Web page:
In the process of following Jesus, he “will make” those who respond, disciples. That process requires something, time with Jesus. Lots of people make a decision that has been described as mere “fire insurance.” Clearly that is not the call Jesus had in mind. For that early disciple it required leaving what was known for the unknown, what was comfortable for the uncomfortable and what may

  • Is that still true today?
  • How do you see that in your own life?
  • What kind of cultural effect do you see in relation to discipleship?

Being “fishers of men” becomes their mission. The mission wasn’t only to spend time huddled around Jesus but to become instruments that advance the kingdom. The disciples learned from Jesus’ words and life what was important and slowly they got it.

Fishing was an everyday vocation, so is our mission. It is BIG, we all want to be a part of something bigger than we are and something that will last longer than we will. These 4 men had likely heard bits and pieces about Jesus and his vision of the kingdom. Mark describes their response as immediate, v. 18, 20.

Our culture and society values options. Think of all the ways you can have a burger, or choosing the options for a new car or upgrades for a house… Many tend to weigh out the pros and cons prior to making a decision. We check the contingencies and forecasts. Some may even flip a coin. For these 4 disciples and disciples everywhere the options for their life must have seemed simple, follow Jesus and participate in his mission or settle for something less with your life.

To wait to make the decision to follow Jesus as a disciple is to delay God’s plan. The time for us is now. For the church the time is now, for our community and world the time is now. How will you respond to the call to follow Jesus?

August 17th, 2008 – James 5:13-20

Sunday, August 10th, 2008

The Book of James
How Deep Are You Willing to Go?
James 5:13:20


James has given some very clear instructions about how to live the Christian life. The goal is maturity and completeness. The process involves an evaluation and response to the various issues of life (tests of faith) on the basis of the principles and precepts of the Word of God. It is our proven faith that results in maturity and completeness.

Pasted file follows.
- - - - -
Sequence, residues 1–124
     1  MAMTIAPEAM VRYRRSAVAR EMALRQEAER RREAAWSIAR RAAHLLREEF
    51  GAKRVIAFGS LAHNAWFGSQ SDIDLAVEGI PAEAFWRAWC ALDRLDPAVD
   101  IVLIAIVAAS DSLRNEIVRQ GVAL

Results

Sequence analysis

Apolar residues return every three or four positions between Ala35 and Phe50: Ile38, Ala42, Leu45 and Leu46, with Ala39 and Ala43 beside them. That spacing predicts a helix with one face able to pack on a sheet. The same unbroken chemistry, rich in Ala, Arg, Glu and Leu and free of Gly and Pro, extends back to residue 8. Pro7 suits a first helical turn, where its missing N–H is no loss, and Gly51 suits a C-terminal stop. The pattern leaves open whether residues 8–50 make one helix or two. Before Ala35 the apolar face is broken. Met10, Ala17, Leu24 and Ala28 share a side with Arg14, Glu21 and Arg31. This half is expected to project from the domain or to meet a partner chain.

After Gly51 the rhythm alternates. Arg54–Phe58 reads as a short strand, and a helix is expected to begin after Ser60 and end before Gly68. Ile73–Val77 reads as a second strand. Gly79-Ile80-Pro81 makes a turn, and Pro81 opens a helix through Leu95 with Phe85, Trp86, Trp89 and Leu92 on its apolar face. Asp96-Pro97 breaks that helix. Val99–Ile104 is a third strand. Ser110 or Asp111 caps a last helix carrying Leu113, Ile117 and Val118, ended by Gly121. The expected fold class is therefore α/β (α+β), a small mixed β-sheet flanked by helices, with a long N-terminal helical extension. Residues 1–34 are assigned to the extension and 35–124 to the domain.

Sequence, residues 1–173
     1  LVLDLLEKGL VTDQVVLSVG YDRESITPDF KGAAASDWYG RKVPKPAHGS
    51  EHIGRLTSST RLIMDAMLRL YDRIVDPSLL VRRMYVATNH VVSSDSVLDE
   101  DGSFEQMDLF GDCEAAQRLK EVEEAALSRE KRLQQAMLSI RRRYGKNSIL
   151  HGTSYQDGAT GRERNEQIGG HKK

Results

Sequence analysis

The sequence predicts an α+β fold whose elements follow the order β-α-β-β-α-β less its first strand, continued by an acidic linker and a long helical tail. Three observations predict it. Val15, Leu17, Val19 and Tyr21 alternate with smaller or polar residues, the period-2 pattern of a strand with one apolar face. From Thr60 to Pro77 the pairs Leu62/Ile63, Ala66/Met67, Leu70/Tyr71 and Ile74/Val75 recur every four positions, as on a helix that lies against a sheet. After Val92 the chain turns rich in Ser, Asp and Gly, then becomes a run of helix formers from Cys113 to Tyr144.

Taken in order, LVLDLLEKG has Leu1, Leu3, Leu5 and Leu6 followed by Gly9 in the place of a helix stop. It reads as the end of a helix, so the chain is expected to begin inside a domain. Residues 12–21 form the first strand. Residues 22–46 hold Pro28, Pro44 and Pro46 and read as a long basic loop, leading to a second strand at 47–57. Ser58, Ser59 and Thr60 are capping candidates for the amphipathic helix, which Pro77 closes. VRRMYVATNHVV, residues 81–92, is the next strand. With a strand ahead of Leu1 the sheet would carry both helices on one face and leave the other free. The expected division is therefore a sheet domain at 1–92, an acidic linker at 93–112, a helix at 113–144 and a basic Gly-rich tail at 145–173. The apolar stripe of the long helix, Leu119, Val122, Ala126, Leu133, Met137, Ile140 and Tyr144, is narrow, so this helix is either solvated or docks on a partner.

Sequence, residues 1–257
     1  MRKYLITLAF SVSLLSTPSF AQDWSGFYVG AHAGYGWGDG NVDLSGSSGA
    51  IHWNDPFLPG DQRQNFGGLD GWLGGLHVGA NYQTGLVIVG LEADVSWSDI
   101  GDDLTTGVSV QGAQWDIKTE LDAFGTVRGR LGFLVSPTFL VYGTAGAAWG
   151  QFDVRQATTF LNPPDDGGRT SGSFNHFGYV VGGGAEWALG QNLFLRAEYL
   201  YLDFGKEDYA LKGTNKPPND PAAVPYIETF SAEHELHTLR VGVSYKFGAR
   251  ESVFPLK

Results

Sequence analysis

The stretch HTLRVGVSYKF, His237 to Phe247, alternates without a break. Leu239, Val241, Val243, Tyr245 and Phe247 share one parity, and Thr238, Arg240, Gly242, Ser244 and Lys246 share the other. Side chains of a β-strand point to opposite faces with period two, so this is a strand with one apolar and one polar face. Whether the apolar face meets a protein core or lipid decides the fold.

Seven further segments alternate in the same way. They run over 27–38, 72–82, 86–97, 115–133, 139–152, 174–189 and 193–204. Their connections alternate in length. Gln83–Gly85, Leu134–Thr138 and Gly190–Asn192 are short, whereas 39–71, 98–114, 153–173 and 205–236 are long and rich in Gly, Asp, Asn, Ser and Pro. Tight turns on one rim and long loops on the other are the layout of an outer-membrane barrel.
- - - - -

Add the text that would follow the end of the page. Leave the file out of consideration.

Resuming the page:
To successfully complete the course takes steadfast endurance (hupomone mental toughness – the ability to hang in there when the going gets tough) and self-restraint (makrothumia, patience toward people). James began with these qualities and has ended with them. But we do not all move along the track of life at the same pace, nor at the same level of conditioning. Therefore, Christians evaluate and respond to life in different ways, and this is what provides the opportunities to minister to one another.

In Chapter 5, verses 13 to 20, James addresses some of the states in which we might find ourselves from time to time, and how we should conduct ourselves in them.

Our Study of the Text

    1. The one who is suffering (5:13a).
      1. The state: suffer is kakopatheo„ “to suffer misfortune, evil” (see 2 Tim. 2:9).
      2. The response: pray. cf. Phil. 4:4-7.
    2. The one who is cheerful (5:13b).
      1. The state: cheerfulness.
      2. The response: “Sing praises.” The term praises is psallo„ which means to sing praises (See Rom. 15:9; 1 Cor. 14:15; Eph. 5:19; Col. 3:16).
    3. The one who is weak (5:14-18).
      1. The state: Weak. The term is astheneia.
        1. Primary use: to be weak/without strength (See Rom. 6:19; 1 Cor. 2:3; 15:43; 2 Cor. 12:9; Heb. 5:2; 11:34).
        2. Secondary use: to be physically sick (See Matt. 10:8; Luke 3:11; John 4:46; 11:1, 3, 6).

          Which does it mean here? (Verse 15 will make it clear)

      2. The response: Call for the elders: church leaders, pastors (5:14b).
        1. He needs help (prayer – and perhaps, counsel and forgiveness).
        2. Oil in that cultural context was symbolic of consecration the presence of the Holy Spirit.
        3. The prayer of faith will: restore [lit. save] (Save is the term sozo which means to deliver; here it is to deliver from in the sense of “gaining victory over.”) the one who is WEAK (The term is kamno: to be weak, weary, discouraged (see its only other use in Hebrews 12:3).

          Note: The term kamno is used only on rare occasion outside the New Testament for physical illness.

    4. And the Lord will raise him up (5:15b).
      The term is egeiro„ which means to raise or lift up (See Matt. 3:9; 12:11; Mk. 1:31; Ac. 13:22).
    5. His sins will be forgiven (5:15c).
      This person is no doubt suffering a great deal from the negative consequences of his poor choices. He has not been living on the basis of faith. He may have sinned against others in the process. Therefore James tells us to . . .